Education and health care leaders stressed partnerships as the key to building a stronger workforce during a virtual roundtable.

Minnesota Department of Employment and Economic Development Commissioner Steve Grove hosted the Wednesday discussion with Mankato area leaders about economic growth opportunities.

“We face a moment with significant workforce challenges in our state,” he said. “The pandemic has opened up opportunity for people to reconsider their options about where they live and work. And businesses and startups are growing at a fast rate across the country.”

Education and Mayo Clinic Health System leaders highlighted partnerships they already have formed and said more are needed to give students and adults hands-on exposure to prospective careers.

“To be able to build partnerships really means that we have the opportunity to connect students in our communities to more professionals in our communities to serve as mentors and really build that coalition of people who can support our students as they walk out of high school,” said state Education Commissioner Heather Mueller.

Mankato Area Public Schools Career Pathway Coordinator Kim Mueller said over 300 of the district’s students are doing internships or other work experiences. More than 400 additional students have done a job shadow or other short-term experience.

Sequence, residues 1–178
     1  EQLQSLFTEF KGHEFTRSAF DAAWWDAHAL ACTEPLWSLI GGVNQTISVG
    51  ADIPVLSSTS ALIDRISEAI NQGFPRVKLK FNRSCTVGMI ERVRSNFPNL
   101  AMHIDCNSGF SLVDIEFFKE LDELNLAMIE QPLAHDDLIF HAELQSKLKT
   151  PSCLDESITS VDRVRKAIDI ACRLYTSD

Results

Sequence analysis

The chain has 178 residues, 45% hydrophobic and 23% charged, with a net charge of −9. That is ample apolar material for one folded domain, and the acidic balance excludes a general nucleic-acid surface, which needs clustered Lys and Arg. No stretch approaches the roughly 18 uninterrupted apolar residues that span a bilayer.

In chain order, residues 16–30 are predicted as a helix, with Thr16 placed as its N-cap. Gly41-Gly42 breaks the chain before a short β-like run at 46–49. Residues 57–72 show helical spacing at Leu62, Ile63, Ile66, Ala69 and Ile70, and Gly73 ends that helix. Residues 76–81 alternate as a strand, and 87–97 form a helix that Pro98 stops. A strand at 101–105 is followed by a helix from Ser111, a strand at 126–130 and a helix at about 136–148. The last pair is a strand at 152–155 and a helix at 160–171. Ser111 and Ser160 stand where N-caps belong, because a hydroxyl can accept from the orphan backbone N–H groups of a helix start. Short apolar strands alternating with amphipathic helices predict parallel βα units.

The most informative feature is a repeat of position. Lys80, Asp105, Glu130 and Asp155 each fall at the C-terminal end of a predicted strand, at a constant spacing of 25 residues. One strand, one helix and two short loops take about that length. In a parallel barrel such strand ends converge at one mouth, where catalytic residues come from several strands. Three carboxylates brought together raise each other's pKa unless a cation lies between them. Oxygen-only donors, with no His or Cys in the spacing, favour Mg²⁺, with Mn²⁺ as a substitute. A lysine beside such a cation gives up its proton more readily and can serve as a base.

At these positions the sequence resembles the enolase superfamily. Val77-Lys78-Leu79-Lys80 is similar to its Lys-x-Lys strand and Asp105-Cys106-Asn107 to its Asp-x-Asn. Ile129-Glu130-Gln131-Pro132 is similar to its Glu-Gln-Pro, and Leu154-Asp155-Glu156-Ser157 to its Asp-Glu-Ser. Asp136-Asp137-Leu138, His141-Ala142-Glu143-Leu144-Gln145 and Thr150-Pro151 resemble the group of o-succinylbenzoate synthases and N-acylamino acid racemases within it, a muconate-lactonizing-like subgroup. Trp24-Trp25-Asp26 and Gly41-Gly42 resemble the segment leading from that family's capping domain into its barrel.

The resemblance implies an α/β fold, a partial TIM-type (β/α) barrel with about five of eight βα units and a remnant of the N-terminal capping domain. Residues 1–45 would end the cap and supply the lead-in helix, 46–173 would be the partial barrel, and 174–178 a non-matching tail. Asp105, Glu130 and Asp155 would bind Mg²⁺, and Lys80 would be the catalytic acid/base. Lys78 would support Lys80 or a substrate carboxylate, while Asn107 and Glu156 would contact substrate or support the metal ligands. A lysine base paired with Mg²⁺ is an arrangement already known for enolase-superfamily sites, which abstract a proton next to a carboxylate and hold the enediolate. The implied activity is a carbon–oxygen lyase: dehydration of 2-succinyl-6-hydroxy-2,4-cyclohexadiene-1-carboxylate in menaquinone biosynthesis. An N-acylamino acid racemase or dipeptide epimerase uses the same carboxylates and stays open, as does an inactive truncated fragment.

She applauded the partners in those programs as well as others who welcome in students for events such as the annual Tour of Manufacturing and the Scrubs Camp highlighting health care careers.

“Even competing businesses are willing to come together to look at how can we help this future talent pool explore and engage … and that is really powerful,” Kim Mueller said.

Brian Martensen, interim provost and senior vice president for academic affairs at Minnesota State University, said post-secondary institutions also are enhancing student internship opportunities as well as bringing more real-world hands-on projects into the classroom.

“We’ve evolved to beyond the idea of just educating a citizenry or a workforce but really being true partners with the community and with industry in particular,” he said.

Laura Bowman, Mayo Clinic Health System Regional Director of Community Partnerships, said Mayo hosts career exploration programs that introduce young people to a variety of health care-related fields that extend far beyond doctors and nurses.

“The collaboration is so important because it really exposes our community members to all the possibilities in health care they may not have thought about,” she said.

Beyond high school and college pairings, participants said they also are working on partnerships that benefit older adults.

Heather Mueller suggested businesses could offer English as a second language or other classes at the workplace.

Mayo officials said their organization gives workshops for women at Mankato’s Life-Work Planning Center who are looking for a new career.

In Rochester it also works with educational partners on the Bridges to Healthcare program, which provides education and career planning resources to adults from diverse backgrounds.

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